Patent >erial No. 5, 439, 809.
The construction of the lower end 14 of the sleeve 10, comprising a rounded gusset 24 with a fold 26, permits the circular bottom of an object such as a potted plant to be disposed within the interior space 46 and therein cause the lower portion of the sleeve 10 to conform closely to the frusto-conical shape of the pot as shown in Figure 3 as described in detail below. Briefly, the bottom of the pot rests upon at least a portion of the inner surface 45 of the gusset 24, and the outer side walls of the pat rest closely against at least a portion of the inner surfaces 36 and 40 of the first and second panels 20 and 22, respectively. Once expanded, the sleeve 10 h.as a side wall 48 and a bottom 49 fox supporting the pot. The gusset 24 may be constructed from a separate material from the panels 20 and 22 or, as will be clear to one of ordinary skill in the art, the gusset 24 may be constructed from the same web used to form the first and second panels 20 and 22 by sealing, then folding portions thereof. An example of how the gusset 24 may be formed from a separate sheet of material different from the web used to form the first and second panels 20 and 22 is shown in U.S. Patent 3,380,646, issued to Doyen in Figures 9 and _ . ~;_,' '~is~u~wior. t~:~ ~~ . ..: .
As shown in Figure 1, the sleeve l0 is demarcated into an upper protective portion 5o and a lower decorative portion 52.

21973~~
' _ 13 The lower portion 52 of the sleeve 10 is sized to contain a pot of a size standard in the floral industry and well known to persons of ordinary skill in the art. The upper portion 50 of the sleeve 10 is sized to substantially surround and encompass a floral grouping disposed in the pot. The sleeve 10 is demarcated into the upper portion 50 and the lower portion 52 by a detaching element 54 for enabling the detachment of the upper portion 50 of the sleeve 10 from the lower portion 52 of the sleeve 10. In the preferred version, the detaching element 54 is a plurality of perforations in a crenulated or wavy pattern which extends circumferentially across the first panel 20 and second panel 22 of the sleeve 10 from the first side l6 to the second side 18. The term "detaching element", or "detaching means" as used generally herein, means any element or means, or combination of elements or features, such as, but not by way of limitation, perforations, tear strips, zippers, and any other devices or elements of this nature known in the art, or any combination thereof, which enable the tearing away or detachment of one object from another. Therefore, while perforations are shown and described in detail herein, it will be understood that tear strips, zippers, or any other "detaching elements" known in the art, or any combination thereof, could be substituted therefore andJor used therewith.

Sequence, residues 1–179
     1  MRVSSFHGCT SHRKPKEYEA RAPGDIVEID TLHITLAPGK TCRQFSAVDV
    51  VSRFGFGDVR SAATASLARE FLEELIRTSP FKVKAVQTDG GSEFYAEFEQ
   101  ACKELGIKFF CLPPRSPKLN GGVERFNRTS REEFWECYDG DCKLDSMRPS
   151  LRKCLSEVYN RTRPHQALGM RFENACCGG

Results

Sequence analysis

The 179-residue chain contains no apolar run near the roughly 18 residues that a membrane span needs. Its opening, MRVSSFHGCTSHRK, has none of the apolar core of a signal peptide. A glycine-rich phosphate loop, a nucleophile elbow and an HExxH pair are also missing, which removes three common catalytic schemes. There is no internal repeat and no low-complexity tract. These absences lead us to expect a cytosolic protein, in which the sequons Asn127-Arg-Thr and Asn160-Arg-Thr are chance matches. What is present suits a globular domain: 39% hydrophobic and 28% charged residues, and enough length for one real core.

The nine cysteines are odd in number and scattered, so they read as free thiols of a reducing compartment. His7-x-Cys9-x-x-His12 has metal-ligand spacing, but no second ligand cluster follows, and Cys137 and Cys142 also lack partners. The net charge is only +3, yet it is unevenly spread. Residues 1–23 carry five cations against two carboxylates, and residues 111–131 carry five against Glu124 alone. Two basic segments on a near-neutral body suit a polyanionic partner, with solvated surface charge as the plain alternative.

In a preferred embodiment, as shown in Figures 1 and 2 , the lower portion 52 of the sleeve 10 .further comprises a base portion 56, and a skirt or fringe portion 58. The base portion 56 comprises that part of the lower portion 52 which, when the pot is placed into the lower portion 52, has an inner peripheral surface which is substantially adjacent to and surrounds the outer peripheral surface of the pot. The skirt or fringe portion 58 comprises that part of the lower portion 52 which extends beyond an upper rim of the pot and adjacent at least a portion of the floral grouping contained within the pot and which is left to freely extend at an angle, inwardly or outwardly or upwardly, from the base portion 56 when the upper portion 50 of the sleeve 10 is detached from the lower portion 52 of the sleeve 10 by actuation of the detaching means 54. In the intact sleeve 10, the skirt portion 58 comprises an upper peripheral edge congruent with the detaching means 54 which is ~ ~73~2 .,_ 14 connected to a lower peripheral edge, also congruent with the detaching element 54, of the upper portion 50 of the sleeve 10, In Figures 1 and 2, the upper peripheral edge of the skirt portion 58 is congruent with a series of curved lines of perforations which together form an undulating line and comprise the detaching element 54.
The upper portion 50 of the sleeve 10 may optionally have an additional detaching element 60 indicated as a plurality of vertical perforations for facilitating removal of the upper portion 50 and which are disposed more or less vertically therein extending between the detaching element 54 of the sleeve 10 and the upper end 12. The upper portion 50 of the sleeve 10 is separable from the lower portion 52 of the sleeve 10 by tearing the upper portion 50 along both the vertical perforations 60 and the detaching element 54, thereby separating the upper portion 50 from the lower portion 52 of the sleeve 10.
The lower portion 52 of the sleeve 10 remains disposed as the base portion 56 about the pot and as the skirt portion 58 about the floral grouping forming a decorative cover 64 as shown in Figure 4 which substantially surrounds and encompasses the pot and floral grouping therein. The upper portion 50 may have apertures 62 near the upper end thereof so the sleeve may be supported on a wicket.